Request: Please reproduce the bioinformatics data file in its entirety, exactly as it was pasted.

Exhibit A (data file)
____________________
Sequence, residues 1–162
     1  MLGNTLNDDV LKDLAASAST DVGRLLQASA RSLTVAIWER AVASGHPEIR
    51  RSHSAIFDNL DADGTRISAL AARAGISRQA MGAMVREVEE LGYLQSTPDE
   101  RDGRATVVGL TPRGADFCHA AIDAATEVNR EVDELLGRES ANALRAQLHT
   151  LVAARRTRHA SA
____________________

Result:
Sequence, residues 1–162
     1  MLGNTLNDDV LKDLAASAST DVGRLLQASA RSLTVAIWER AVASGHPEIR
    51  RSHSAIFDNL DADGTRISAL AARAGISRQA MGAMVREVEE LGYLQSTPDE
   101  RDGRATVVGL TPRGADFCHA AIDAATEVNR EVDELLGRES ANALRAQLHT
   151  LVAARRTRHA SA